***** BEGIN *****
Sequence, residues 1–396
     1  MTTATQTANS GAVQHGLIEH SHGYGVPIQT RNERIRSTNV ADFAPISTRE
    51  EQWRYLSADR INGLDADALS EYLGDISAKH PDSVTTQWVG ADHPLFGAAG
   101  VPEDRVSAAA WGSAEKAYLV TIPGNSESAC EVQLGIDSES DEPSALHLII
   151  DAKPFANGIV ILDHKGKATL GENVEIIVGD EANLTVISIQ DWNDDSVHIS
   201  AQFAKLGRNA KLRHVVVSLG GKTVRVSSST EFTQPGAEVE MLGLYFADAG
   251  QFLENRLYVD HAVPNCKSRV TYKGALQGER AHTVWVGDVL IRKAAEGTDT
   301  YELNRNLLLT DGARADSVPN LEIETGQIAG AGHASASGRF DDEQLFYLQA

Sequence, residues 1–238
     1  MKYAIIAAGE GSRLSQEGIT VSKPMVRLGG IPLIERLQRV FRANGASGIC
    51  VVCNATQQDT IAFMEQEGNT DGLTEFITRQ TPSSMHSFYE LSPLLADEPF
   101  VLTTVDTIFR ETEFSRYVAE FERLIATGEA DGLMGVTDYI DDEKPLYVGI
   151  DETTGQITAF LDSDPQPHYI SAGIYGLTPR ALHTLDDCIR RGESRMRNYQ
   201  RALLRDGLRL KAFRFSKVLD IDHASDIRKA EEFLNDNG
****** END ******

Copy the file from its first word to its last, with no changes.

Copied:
Sequence, residues 1–396
     1  MTTATQTANS GAVQHGLIEH SHGYGVPIQT RNERIRSTNV ADFAPISTRE
    51  EQWRYLSADR INGLDADALS EYLGDISAKH PDSVTTQWVG ADHPLFGAAG
   101  VPEDRVSAAA WGSAEKAYLV TIPGNSESAC EVQLGIDSES DEPSALHLII
   151  DAKPFANGIV ILDHKGKATL GENVEIIVGD EANLTVISIQ DWNDDSVHIS
   201  AQFAKLGRNA KLRHVVVSLG GKTVRVSSST EFTQPGAEVE MLGLYFADAG
   251  QFLENRLYVD HAVPNCKSRV TYKGALQGER AHTVWVGDVL IRKAAEGTDT
   301  YELNRNLLLT DGARADSVPN LEIETGQIAG AGHASASGRF DDEQLFYLQA

Sequence, residues 1–238
     1  MKYAIIAAGE GSRLSQEGIT VSKPMVRLGG IPLIERLQRV FRANGASGIC
    51  VVCNATQQDT IAFMEQEGNT DGLTEFITRQ TPSSMHSFYE LSPLLADEPF
   101  VLTTVDTIFR ETEFSRYVAE FERLIATGEA DGLMGVTDYI DDEKPLYVGI
   151  DETTGQITAF LDSDPQPHYI SAGIYGLTPR ALHTLDDCIR RGESRMRNYQ
   201  RALLRDGLRL KAFRFSKVLD IDHASDIRKA EEFLNDNG